on the supply label (both "mins" and "maxes"), you might try to put
a dummy load on the supply. I bought some power resistors at the only
good electronics store in town, and that is what I use for loading. Without
the load, the supply could go out of regulation (when you use your
multimeter, the bad voltage readings would then not be conclusive
about the health of the supply). If it has OVP, the excess voltage
could even cause it to shut off. I've never had it happen to me, but
there are some pretty goofy supplies out there.

I have different resistor values for each rail. For example, I use a 50 ohm
power resistor for the -12V rail, which draws about 0.25 amps. 0.25 x 12 = 3 watts.
The resistors get warm, while I'm using them, and I keep a fan blowing on
them when testing. But to get those resistors, you won't find a good selection
at Radio Shack.

If the supply doesn't have a minimum load spec, you may get away with
doing step six, and noting the fan is spinning. That tells you the
supply can "switch on", but it doesn't give the supply a passing grade.
To give an example, the very first ATX supply I bought, I've still got.
It has a defect. Now, if I do step six, with no load, the +12V rail reads
12V. Great, you'd say, it's working. But the really funny part is, the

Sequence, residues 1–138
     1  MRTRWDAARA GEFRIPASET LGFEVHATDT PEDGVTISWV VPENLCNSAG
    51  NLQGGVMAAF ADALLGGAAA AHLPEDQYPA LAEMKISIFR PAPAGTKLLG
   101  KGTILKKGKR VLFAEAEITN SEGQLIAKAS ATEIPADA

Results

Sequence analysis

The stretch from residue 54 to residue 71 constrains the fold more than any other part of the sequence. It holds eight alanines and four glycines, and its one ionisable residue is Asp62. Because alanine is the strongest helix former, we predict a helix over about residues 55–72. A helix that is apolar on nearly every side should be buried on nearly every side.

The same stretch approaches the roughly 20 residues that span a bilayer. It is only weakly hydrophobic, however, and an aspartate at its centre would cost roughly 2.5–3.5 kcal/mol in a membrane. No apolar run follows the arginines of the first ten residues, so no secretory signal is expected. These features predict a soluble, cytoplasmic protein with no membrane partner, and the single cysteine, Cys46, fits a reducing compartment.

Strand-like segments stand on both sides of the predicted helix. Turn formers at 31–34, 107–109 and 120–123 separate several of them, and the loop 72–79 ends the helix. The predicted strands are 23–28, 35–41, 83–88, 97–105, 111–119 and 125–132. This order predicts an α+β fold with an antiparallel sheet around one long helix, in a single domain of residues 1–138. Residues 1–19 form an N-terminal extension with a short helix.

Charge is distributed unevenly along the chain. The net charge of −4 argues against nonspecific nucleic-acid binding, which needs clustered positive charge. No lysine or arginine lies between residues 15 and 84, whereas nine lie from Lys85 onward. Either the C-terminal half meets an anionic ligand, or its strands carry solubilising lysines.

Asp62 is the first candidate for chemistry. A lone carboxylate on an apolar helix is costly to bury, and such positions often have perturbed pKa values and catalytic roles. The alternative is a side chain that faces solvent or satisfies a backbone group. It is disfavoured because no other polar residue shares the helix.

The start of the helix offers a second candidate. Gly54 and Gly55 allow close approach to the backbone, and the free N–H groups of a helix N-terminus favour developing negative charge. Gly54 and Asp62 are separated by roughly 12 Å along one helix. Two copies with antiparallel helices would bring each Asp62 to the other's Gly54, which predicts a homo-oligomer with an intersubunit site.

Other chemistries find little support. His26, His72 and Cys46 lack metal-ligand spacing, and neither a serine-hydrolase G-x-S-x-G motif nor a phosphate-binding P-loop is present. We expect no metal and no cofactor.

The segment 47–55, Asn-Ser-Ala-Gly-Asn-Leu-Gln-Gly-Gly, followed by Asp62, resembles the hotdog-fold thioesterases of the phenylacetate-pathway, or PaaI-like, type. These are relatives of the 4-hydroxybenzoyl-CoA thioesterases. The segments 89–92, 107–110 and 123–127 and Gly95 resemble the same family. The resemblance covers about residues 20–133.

supply cannot take *any* load at all. If I connect a 12V 0.1 amp cooling fan
to the 12V rail, with a Molex connector, the voltage drops to 7 volts instead
of the 12V. This is well outside the allowed 5% tolerance. The supply is
a dud. So a load test, even one which doesn't apply the maximum allowed
load, can tell you something about the supply. And that's why I own a
set of resistors for that kind of testing. I test every new power supply
I buy, before it gets plugged to a motherboard. My old supply "looks nice",
but fails to perform, as soon as there is any load on the 12V rail. Even
the capacitors inside it, look nice. Very strange.

Paul
 
R

Ray

Paul said:
You test a power supply by:

1) Removing it from the case.
2) Unplug the cables (making note of where everything goes for later).
The purpose of unplugging, is on the assumption the power supply is
nuts, and bad voltages are coming out. The less chance of burning something,
the better. Once you trust the supply again, you can put it all
back together.

3) Plug in the supply to the AC wall socket.
4) Turn it on at the back.
5) Now, with a multimeter, check that the +5VSB rail powers up.
The power supply has two sections. The +5VSB section, comes on as
soon as the switch at the back is ON. On your Asus motherboard, the
green LED on the motherboard, should light up if there is +5VSB
present. So if you were seeing a solid green LED, then that
would be proof you have voltage there. Or, use a multimeter, and
probe the appropriate pin on the main connector.

6) Next, connect PS_ON# on the main connector, to the adjacent COM
pin. Grounding PS_ON#, indicates to the supply it should come on.
That is the "soft power" feature. A typical method of doing that, is
using a paper clip, partially straightened out, as a jumper, to jump
the two appropriate pins on the main connector. Now, the -12V, +3.3V,
+5V, +12V1, +12V2 will come on. In fact, in step 6, all the rails
should be active, including the +5VSB which was ON in step 5.

(See Figure 7, appropriate for a 20 pin main connector)
(A 24 pin is similar, in terms of wire colors, short green to a black COM wire.
And then the fan should spin.)

http://www.directron.com/2powersupplies.html